TPM Cafe: Opinion

The killer of Boris Nemtsov has confessed, signing a written statement that “confirms” his participation in the shooting of the prominent reformist and opponent of Vladimir Putin. The case might be closed in Putin’s Russia. But at home and around the world, it shouldn’t be. Which is why proponents of the Global Magnitsky Human Rights Accountability Act pending in Congress should take note and seize the moment to pass it.

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Research has long shown that empathy stems from two different factors. One is emotional, meaning empathy is triggered by your baggage, your family experience, what you bring to the table. The other is cognitive, which is your perspective, and, say, how interested you might be in hearing another person’s side of the story. Empathy is also different than sympathy; the former is sharing someone’s feelings because you understand that feeling, explains Brene Brown, a research professor at the University of Houston, in this amazing video. Sympathy is about feeling sadness for someone’s problems, but it doesn’t connect you to that person.

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In this space a couple of weeks ago I made the argument that partisan and ideological gridlock was feeding on itself by creating an insatiable craving for the occasional Big Election with big consequences. What didn’t fully occur to me is that the next Big Election might be the one just ahead, in 2016.

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“I reject that completely because we can’t leave this to someone else.”

That was Howard Schultz’s response to internal naysayers of Starbucks’ #RaceTogether initiative as he unrolled a plan for Starbucks’ “191,000 employees to talk about race relations with customers.” Using material written by Starbucks and USA TODAY, Starbucks stores plan to have supplementary reading material including race “conversation starters,” asking customers about how many times they broke bread with a member of a different race in the last year.

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A great deal has already been said and written about Hillary Clinton’s use of a private email address during her time as Secretary of State, and I’m sure there will be more such conversation over the 19 months leading up to the 2016 election. But little has been made of what I consider one of the more significant stories in response to this controversy/scandal/tempest in a teapot: Colin Powell’s statement that he also used a private email address during his time as Secretary of State, and that many of the messages he sent in that role have thus likely been lost.

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I made my son cry last week.

I made my brilliant, beautiful, cheerful, three-year-old son cry because he was goofing around instead of napping. I snapped at him. I took the book away. I lay on the bedroom floor and intoned flat litanies about how much we both needed to sleep. And he bawled.

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A growing contingent of privileged, white guys—the kinds that wear suits and have MBAs—has been standing on various high-profile soapboxes and arguing that gender and racial equality are good for business. You would think that I, a feminist and a pragmatist, would be thrilled to see arguments about the benefits of diversity popping up in the most unlikely of places, out of the most unlikely of mouths. But such discussions are intrinsically flawed.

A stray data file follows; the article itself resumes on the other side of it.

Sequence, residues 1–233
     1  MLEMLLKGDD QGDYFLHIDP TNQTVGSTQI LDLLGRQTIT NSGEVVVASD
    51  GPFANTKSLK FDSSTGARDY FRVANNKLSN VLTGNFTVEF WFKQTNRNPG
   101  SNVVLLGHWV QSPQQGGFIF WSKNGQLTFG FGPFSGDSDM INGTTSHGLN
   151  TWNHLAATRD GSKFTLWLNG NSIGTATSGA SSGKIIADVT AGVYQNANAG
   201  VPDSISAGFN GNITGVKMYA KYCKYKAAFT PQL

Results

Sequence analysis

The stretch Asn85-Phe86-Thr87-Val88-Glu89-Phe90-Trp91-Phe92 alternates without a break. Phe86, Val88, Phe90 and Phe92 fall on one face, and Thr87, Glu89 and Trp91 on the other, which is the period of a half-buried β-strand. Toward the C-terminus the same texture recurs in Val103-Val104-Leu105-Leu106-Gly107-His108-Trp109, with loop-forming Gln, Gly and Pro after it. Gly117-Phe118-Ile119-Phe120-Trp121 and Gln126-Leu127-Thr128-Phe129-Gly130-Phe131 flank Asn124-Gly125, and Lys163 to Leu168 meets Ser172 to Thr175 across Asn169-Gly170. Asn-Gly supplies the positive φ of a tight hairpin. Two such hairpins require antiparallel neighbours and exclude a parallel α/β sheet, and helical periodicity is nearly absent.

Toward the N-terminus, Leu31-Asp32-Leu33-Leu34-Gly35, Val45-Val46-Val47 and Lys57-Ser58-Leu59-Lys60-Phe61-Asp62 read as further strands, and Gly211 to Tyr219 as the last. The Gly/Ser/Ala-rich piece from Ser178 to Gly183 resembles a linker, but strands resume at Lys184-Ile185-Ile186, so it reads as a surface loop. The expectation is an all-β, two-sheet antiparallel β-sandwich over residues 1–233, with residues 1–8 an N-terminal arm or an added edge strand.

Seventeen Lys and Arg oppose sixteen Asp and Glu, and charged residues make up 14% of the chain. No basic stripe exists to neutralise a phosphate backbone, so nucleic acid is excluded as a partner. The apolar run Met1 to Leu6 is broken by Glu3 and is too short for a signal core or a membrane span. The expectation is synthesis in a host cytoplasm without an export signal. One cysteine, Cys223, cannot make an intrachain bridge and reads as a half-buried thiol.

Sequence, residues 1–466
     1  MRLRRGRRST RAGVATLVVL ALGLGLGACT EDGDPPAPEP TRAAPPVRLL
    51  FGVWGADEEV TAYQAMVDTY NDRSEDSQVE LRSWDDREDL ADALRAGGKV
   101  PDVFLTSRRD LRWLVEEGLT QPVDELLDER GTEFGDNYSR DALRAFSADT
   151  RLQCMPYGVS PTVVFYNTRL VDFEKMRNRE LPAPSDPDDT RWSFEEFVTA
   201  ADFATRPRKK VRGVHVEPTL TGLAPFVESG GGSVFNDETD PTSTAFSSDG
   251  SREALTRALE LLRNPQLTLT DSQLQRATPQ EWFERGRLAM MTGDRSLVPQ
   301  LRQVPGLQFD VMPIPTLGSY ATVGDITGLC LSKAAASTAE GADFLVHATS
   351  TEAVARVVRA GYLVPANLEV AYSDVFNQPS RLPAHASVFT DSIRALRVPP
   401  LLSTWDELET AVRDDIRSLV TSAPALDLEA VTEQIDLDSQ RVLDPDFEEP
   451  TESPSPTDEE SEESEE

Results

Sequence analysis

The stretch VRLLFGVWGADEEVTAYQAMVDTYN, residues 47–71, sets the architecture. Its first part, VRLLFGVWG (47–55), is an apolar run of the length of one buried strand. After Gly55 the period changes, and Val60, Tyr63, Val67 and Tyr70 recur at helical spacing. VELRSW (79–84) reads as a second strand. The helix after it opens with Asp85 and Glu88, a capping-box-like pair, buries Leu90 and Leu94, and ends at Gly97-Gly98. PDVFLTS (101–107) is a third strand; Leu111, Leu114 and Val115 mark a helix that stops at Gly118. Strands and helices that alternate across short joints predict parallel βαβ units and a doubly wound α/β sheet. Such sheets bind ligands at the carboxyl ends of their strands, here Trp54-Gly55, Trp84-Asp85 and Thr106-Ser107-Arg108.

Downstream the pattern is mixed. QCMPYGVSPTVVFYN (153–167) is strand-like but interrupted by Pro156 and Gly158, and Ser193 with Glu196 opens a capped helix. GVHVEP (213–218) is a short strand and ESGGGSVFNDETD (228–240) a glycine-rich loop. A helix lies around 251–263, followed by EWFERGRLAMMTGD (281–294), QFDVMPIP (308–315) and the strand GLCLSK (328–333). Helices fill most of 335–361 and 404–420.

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Americans, Jews and non-Jews alike, often believe that anti-Semitism in this country is largely a thing of the past. While stories of mounting anti-Semitism in Europe pepper the news, in the United States the age of quotas for Jews at universities, restrictive housing covenants for them and job ads that explicitly prohibit them from applying are simply a part of history.

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There’s a tendency in conservative circles to argue that racism basically ended in 1964 and that any ongoing racial tensions or racial disparities must therefore be the result of some failure on the part of black people to act right. Bill Kristol, Mika Brzezinski, and Joe Scarborough decided to use their time on MSNBC’s "Morning Joe" yesterday to cast around some reason to blame black people for the choice of a bunch of white OU frat boys to yell blatantly racist things. The problem, they decided, could not be that some white people continue to be racist. No, the problem is rap music and its dirty words.

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Last week the student government at the University of California-Irvine passed a misguided resolution banning the display of all flags, including the American flag, from some public areas on the campus. The resolution said that "[t[he American flag has been flown in instances of colonialism and imperialism," adding that flags "construct paradigms of conformity and sets homogenized standards."

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Want to contribute to TPM Cafe? Email ideas for your pieces to us at talk@talkingpointsmemo.com

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